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Religion in the United Kingdom

The country has an area of 94,525 square miles and a population of 61.1 million. Christians make up 72 percent of the population, including the Church of England, Church of Scotland, the Roman Catholic Church, Protestants, and many unaffiliated Christian groups. In 2003 the Office of National Statistics estimated 29 percent of the population identified with Anglicanism, 10 percent with the Catholic Church, and 14 percent with Protestant churches. In December 2007 a survey reported that the number of Catholics attending Sunday services had overtaken the number of Anglicans doing so. A September 2006 English Church Census reported that Methodists were decreasing as a percentage of the population, while members of The Church of Jesus Christ Latter-day Saints (Mormons), Pentecostal churches, many churches from Africa, and the Eastern Orthodox Church, almost entirely immigrants, were increasing.

There are two established (or state) churches -- The Church of England (Anglican) and the Church of Scotland (Presbyterian) -- but Scotland, Wales, and Northern Ireland do not have "official" religions. The 1921 Church of Scotland Act reorganized the Church as Scotland's national church based on a Presbyterian system but not dependent on any government body or the Queen for spiritual matters or leadership.

As regards its hold upon the people there are no trustworthy statistics, but on the upper and upper-middle classes the hold of the Church of England was very strong. Among the working classes the greater majority are nominally adherents of the Church of England, but a great deal of the religious life is Nonconformist. As against Nonconformity the Church of England is little organized for political activity, and its hold upon the people and its influence are very intangible and indeterminable quantities.

Individuals with no religious belief constituted 15 percent of the population. Muslims composed 3 percent of the population. The Muslim community is predominantly South Asian in origin, but other groups from the Arabian Peninsula, Africa, Southeast Asia, and the Levant are represented. In addition, there is a growing number of indigenous converts. Although estimates vary, the Government places the number of mosques in the whole country at one thousand. Groups comprising 1 percent or less of the population include Hindus, Sikhs, Jews, and Buddhists. Individuals from Jewish, Hindu, Buddhist, Muslim, and Sikh backgrounds are concentrated in London and other large urban areas, primarily in England.

Attendance at religious services was significantly different from the number of adherents. According to Christian Research's Religious Trends report released on May 8, 2008, four million Christians attend services on a regular basis (defined as at least once a month) in the country. These figures do not include Northern Ireland, where higher percentages reportedly attend both Catholic (more than 60 percent), and Protestant (more than 35 percent) services. The report stated that more than 50 percent of Muslims regularly worship at mosques. Figures for Jews and other religious groups were unavailable.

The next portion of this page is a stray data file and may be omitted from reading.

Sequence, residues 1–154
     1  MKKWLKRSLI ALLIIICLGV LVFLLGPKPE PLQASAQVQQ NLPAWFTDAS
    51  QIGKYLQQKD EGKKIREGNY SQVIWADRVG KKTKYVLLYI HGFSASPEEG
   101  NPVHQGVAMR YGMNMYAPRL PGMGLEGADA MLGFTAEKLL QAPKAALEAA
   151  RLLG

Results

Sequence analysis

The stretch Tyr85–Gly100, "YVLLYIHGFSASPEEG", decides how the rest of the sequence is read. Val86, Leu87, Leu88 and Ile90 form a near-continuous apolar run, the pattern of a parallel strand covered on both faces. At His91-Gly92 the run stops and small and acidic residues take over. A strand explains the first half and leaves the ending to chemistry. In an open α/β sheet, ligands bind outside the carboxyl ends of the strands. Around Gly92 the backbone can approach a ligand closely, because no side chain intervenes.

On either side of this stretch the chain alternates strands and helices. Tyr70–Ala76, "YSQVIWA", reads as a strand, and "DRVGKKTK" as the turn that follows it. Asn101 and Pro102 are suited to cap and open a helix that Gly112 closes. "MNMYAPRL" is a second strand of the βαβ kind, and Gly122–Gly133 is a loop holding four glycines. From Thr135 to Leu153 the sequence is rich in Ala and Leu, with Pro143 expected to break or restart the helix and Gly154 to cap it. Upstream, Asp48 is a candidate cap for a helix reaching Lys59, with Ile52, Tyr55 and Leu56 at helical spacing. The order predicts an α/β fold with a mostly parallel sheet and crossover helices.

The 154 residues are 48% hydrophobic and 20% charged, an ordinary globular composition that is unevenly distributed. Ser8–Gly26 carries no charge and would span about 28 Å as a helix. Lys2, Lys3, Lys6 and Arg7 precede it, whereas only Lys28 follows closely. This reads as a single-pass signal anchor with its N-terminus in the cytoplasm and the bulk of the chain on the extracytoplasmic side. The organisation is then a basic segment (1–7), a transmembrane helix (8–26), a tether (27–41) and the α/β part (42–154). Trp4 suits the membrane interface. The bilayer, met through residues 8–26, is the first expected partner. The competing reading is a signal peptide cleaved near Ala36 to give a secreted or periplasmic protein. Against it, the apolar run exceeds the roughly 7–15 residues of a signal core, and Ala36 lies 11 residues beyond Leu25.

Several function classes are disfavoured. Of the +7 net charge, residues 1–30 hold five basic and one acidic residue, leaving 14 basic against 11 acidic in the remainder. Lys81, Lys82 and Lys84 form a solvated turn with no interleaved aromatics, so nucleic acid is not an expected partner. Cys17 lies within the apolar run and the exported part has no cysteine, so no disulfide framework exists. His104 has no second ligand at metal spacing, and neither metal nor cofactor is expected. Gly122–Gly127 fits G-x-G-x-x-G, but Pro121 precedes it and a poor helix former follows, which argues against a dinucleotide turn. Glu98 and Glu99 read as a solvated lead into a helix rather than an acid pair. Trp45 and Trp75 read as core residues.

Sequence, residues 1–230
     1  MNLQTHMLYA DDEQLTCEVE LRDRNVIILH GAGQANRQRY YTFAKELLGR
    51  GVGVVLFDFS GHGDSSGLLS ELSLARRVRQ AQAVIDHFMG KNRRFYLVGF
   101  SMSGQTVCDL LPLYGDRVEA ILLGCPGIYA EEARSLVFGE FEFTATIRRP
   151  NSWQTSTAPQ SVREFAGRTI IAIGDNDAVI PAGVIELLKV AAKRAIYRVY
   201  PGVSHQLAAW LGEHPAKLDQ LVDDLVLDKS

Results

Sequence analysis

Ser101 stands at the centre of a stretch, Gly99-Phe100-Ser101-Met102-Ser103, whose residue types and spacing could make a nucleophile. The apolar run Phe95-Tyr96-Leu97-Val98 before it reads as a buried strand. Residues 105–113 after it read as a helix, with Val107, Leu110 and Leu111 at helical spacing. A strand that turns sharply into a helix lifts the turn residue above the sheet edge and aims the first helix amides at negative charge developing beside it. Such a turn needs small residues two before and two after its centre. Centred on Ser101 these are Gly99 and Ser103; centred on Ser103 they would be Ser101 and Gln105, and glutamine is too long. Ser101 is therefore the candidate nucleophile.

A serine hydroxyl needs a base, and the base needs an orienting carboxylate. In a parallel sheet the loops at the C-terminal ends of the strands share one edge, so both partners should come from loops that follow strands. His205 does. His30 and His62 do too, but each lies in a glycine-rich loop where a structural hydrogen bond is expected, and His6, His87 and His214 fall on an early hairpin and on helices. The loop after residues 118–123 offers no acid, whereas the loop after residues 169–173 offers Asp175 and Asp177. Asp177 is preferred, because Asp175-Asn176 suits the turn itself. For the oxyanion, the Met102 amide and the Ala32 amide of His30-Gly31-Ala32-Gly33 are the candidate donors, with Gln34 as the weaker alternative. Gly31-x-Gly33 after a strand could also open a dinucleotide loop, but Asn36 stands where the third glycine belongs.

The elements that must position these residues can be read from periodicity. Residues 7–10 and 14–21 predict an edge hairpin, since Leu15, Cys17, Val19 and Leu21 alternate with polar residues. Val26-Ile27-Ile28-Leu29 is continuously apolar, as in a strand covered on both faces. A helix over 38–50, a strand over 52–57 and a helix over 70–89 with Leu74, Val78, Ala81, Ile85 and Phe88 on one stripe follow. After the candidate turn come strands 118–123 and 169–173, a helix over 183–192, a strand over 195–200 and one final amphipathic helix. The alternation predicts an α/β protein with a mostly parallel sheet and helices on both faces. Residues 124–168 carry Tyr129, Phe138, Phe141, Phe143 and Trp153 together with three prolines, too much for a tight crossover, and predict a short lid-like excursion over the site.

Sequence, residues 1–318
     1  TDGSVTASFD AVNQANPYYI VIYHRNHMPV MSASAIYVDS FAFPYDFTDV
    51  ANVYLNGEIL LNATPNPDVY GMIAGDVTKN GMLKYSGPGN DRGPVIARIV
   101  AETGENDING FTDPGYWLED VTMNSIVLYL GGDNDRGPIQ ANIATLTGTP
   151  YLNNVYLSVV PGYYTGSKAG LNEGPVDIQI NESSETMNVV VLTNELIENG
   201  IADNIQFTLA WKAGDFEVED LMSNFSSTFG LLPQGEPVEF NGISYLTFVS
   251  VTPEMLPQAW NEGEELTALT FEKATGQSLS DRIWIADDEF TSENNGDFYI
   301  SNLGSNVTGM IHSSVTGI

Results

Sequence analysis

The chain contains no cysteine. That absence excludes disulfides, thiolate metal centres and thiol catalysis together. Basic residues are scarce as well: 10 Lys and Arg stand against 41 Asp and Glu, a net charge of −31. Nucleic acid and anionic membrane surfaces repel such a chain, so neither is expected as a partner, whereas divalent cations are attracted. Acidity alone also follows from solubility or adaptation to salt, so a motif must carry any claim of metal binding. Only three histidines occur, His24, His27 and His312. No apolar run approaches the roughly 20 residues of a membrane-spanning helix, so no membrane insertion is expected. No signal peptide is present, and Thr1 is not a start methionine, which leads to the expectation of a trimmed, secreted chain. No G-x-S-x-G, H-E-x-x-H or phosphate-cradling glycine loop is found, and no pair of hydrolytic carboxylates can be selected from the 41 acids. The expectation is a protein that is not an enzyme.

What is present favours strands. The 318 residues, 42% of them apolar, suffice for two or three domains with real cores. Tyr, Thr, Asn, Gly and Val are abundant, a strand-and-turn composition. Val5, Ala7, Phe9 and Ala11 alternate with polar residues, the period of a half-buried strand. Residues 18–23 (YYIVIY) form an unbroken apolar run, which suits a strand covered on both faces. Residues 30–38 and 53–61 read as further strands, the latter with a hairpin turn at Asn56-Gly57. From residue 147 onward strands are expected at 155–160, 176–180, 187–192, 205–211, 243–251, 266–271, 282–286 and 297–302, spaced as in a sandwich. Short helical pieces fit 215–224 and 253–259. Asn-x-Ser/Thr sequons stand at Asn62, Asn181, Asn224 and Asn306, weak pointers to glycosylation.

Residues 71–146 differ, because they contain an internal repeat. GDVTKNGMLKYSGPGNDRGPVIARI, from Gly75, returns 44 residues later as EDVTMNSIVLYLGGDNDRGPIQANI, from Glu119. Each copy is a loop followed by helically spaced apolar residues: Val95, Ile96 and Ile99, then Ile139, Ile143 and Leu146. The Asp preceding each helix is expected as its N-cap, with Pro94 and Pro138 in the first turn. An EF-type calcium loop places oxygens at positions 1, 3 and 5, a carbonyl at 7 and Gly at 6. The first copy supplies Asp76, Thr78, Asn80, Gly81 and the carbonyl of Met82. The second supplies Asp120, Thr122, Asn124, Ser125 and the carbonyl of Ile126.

Religious affiliation was not evenly distributed among ethnicities. According to the 2001 census, approximately 70 percent of the white population described themselves as Christians. Nearly 75 percent of black Caribbean respondents stated that they were Christians, as did 70 percent of black Africans. Meanwhile, 45 percent of Indians were Hindus and 29 percent were Sikhs. Approximately 92 percent of Pakistanis and Bangladeshis were Muslims.

In Northern Ireland, where divisions between nationalists and unionists evolved largely along religious lines, the 2001 census showed that 53.1 percent were Protestants and 43.8 percent were Catholics. Many Catholics and Protestants continued to live in segregated communities in Northern Ireland, although many middle class neighborhoods were mixed communities. The policy of the Government remained one of promotion of religious tolerance.

As of 2009 more than 30 percent of state schools had a religious character. Nearly all of the approximately 7,000 "faith schools" in England (numbers are not available for Scotland and Wales) are associated with Christian denominations, although there are Jewish, Islamic, Sikh, (and one Hindu) schools. The law requires religious education for all children, ages three to 19, in publicly maintained schools. In England and Wales it forms part of the core curriculum in accordance with the Education Reform Act of 1988. In Scotland religious education of some sort is mandated by the Education Act of 1980. However, the shape and content of religious instruction throughout the country is decided on a local basis. Locally agreed syllabuses are required to reflect the predominant place of Christianity while taking into account the teachings and practices of other principal religions in the country. Daily collective prayer or worship of "a wholly or mainly of a broadly Christian character" is practiced in schools in England and Wales, a requirement that may be waived for students who obtain permission of the school authorities.




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